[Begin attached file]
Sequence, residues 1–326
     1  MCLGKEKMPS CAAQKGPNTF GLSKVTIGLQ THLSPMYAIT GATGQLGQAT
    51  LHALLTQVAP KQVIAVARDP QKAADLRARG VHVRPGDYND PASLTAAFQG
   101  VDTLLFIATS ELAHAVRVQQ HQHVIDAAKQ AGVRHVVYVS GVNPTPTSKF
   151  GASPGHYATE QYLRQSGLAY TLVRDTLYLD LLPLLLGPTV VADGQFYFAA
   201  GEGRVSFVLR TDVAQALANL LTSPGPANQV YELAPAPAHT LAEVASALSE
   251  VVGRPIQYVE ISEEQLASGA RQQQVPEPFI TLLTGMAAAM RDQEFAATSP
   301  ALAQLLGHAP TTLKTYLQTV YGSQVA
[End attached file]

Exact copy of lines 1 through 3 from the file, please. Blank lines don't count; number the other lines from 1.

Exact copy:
Sequence, residues 1–326
     1  MCLGKEKMPS CAAQKGPNTF GLSKVTIGLQ THLSPMYAIT GATGQLGQAT
    51  LHALLTQVAP KQVIAVARDP QKAADLRARG VHVRPGDYND PASLTAAFQG